Labs

Beirut, Lebanon

LOCATION

Beirut, Lebanon

OUR TEAM

Howayda al-Harithy, Director at the Beirut Urban Lab in the (American University of Beirut)

Batoul Yassine, Research Coordinator (American University of Beirut)

Ali Khodr, Research Coordinator (American University of Beirut)

City as Archive | Archiving a City | The Imagined as Un-Archiving a City

SYNOPSIS AND POSITION

As part of the Imagining Futures project, the Beirut Urban Lab at the American University of Beirut will house the Beirut Lab, a lab that will interrogate the methods and strategies in which Beirut has been archived and unarchived. This comes with the understanding of the city as a complex, dynamic process of archiving and unarchiving; a contested entity with an open process of multiple realities, narratives and futures. The lab further explores how moments of disruption trigger the unarchiving of the city towards an imagined future. 

The unfolding of recent events since October 2019 has called for the rethinking the city as an archive, archiving the city, and imagined as un-archiving the city. The October 17th Revolution pushed people onto the streets of central Beirut, reclaiming expropriated structures and reinitiating socio-spatial practices. The collapse of the Lebanese economy, the devaluation of the national currency and the spread of Covid-19 throughout the spring brought social and economic life in the city to an end and plunged large sections of Lebanon’s population into poverty. On August 4th, a stockpile of ammonium nitrate precariously stored at the Beirut Port for 6 years exploded with the ferocity of small atomic bomb, shattering entire neighborhoods and upending countless lives. 

As part of the Beirut Urban Lab’s response to these events, the Beirut Lab will explore how different conceptions of reconstruction and recovery can function as processes of unarchiving. It looks at the public as an agency of imagining the future through socio-spatial tactics of the revolution after October 2019 and then through the oral narratives crafted for the future of a recovery after the Port’s blast.

OBJECTIVES AND METHODS

The lab explores post-disaster relief as a producer of archives, moments of disruptions as un-archiving processes, and reconstructions as methods of unarchiving multiple imaginaries using the perception of heritage across time as a primary frame. The Beirut lab’s objective is to A) Uncover, document, archive and unarchive social, physical and intangible histories of Beirut. B) To read through maps and masterplans not only as tools of urban change, but as systems that deconstruct the dichotomy between the organization of territory, and the potential for geographic and social rupture. C) To analyze the production of space on an urban level, or the lack thereof, by studying the strategies and methods through which the state attempted to plan Beirut, and subsequently failed. D) To visualize alternative urban histories and to present new historical and social readings of Beirut’s urban form, it’s architectural ‘landmarks’ and the diverse practices of its inhabitants. E) The lab will also present critical readings of the agency and methodologies behind various Beiruti reconstructions; from the Solidere project, to Beit Beirut, to the anticipated, and imagined, reconstruction and recovery of the Bachoura, Gemmayze, Mar Mikhael, Karantina and Ain Mreisse following the August 4 explosion.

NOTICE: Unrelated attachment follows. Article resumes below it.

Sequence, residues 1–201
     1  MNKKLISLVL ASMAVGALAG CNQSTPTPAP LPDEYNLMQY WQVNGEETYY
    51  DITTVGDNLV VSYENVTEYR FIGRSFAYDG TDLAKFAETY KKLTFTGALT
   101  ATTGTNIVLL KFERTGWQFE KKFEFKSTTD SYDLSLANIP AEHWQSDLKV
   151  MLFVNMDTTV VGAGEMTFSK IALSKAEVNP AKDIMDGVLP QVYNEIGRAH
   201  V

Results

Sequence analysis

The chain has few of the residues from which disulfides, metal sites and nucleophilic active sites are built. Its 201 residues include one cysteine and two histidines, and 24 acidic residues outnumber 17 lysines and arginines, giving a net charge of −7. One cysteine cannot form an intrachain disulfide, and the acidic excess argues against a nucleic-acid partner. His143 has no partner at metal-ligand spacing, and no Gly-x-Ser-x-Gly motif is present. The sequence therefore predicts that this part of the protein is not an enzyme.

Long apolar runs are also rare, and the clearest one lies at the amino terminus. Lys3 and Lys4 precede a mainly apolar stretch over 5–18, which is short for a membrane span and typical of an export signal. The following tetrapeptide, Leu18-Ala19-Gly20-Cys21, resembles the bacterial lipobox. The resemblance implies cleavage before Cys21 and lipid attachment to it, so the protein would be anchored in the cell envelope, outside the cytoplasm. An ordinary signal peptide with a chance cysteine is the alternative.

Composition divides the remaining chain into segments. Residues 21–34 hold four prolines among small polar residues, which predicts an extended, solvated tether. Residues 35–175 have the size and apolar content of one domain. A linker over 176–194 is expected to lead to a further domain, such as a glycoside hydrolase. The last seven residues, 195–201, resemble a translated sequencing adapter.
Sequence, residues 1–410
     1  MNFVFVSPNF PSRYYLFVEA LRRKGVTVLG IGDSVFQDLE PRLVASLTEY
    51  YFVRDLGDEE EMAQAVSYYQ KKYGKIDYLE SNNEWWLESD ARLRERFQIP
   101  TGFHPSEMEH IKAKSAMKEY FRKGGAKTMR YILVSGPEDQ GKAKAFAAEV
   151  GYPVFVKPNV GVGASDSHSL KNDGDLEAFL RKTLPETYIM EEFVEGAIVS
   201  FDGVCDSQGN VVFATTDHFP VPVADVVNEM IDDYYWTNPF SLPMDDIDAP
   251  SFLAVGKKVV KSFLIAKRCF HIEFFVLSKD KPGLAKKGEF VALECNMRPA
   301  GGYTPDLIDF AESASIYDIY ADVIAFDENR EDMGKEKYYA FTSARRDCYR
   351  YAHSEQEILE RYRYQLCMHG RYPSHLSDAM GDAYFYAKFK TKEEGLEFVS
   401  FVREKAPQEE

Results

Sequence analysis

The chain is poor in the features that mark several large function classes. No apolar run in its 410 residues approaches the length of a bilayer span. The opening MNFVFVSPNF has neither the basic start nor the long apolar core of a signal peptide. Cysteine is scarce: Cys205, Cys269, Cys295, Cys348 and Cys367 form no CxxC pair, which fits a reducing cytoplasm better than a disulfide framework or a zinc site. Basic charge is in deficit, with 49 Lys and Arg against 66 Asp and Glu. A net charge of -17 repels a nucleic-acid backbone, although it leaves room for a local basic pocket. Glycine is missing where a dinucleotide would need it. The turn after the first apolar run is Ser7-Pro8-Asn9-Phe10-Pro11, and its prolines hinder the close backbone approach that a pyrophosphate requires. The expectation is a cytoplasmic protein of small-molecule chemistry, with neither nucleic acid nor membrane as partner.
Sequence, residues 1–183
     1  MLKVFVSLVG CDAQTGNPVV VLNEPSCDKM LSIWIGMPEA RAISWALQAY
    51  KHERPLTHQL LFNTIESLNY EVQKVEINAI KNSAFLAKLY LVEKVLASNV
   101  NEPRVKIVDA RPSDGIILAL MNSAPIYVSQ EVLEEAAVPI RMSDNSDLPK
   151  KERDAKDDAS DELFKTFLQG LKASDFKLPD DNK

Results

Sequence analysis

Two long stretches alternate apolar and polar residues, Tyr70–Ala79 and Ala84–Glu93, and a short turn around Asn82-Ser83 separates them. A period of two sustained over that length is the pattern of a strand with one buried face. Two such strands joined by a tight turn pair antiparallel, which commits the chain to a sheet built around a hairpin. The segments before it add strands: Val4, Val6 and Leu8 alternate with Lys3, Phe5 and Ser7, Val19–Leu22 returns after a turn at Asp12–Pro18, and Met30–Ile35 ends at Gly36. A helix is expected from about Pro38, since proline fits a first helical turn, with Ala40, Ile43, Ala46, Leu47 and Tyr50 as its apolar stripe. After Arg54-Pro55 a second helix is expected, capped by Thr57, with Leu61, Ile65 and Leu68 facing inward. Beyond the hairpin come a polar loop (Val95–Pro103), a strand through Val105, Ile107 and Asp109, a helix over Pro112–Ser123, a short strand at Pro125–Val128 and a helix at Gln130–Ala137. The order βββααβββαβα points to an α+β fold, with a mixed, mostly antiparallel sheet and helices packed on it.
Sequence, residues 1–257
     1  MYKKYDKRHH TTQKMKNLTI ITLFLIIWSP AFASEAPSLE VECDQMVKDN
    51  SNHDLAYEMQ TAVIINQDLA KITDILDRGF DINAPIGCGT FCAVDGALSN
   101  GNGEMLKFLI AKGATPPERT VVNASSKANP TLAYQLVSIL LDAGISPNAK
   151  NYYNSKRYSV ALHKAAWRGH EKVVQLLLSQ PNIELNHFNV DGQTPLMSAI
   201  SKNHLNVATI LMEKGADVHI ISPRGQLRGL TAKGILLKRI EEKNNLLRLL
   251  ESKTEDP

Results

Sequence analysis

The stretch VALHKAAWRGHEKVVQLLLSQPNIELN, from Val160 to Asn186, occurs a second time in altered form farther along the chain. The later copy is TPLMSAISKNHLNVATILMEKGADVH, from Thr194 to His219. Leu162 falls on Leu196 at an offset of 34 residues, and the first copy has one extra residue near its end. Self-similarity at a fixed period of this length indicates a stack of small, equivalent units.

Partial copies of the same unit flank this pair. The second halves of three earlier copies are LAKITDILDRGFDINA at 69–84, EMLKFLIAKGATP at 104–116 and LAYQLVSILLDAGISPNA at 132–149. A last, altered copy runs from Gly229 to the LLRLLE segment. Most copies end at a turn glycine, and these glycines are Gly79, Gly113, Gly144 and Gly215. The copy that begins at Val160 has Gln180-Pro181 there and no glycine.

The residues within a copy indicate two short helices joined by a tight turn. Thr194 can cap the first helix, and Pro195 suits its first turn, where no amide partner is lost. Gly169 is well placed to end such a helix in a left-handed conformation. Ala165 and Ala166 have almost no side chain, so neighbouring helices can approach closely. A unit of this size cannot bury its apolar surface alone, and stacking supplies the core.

The lab will rely on visualization and mapping, analysing public and cultural centers archives of the city, and developing the Levant carta platform as the main research tools.

WORKSHOPS AND EVENTS

  • Urban Recovery at the Intersection of Displacement and Reconstruction- City debates April 2019, AUB
  • City as Archive | Archiving a City | The Imagined as Un-Archiving a City – BUL’s first virtual event, October 2020, AUB

ACTIVITIES

  • Documentation of socio-spatial practices throughout the October Revolution in Martyr’s Square. 
  • Organizing talks and seminars to raise awareness on the importance of public and urban space, and the return of socio-spatial practices. 
  • Creating infographic sheets on reclaimed historic buildings, and revolution factsheets on the manifestation of corruption. 
  • Emergency recovery and relief work in various neighborhoods destroyed by the August 4, 2020 explosion with a focus on Karantina, Mar Mikhael and Geitawi. 
  • The documentation of the urban destruction, and the impact upon the residents and their socio-spatial practices. 
  • The coordination of recovery works on the ground between various groups, mapping the involved stakeholders and their work on the ground.

PRIVATE MUSEUMS AND COLLECTIONS

  • Sursock Museum
  • Philipe Jabre Collection
  • Fouad Debs Collection
  • AUB Archaeological Museum
  • AUB Libraries Archive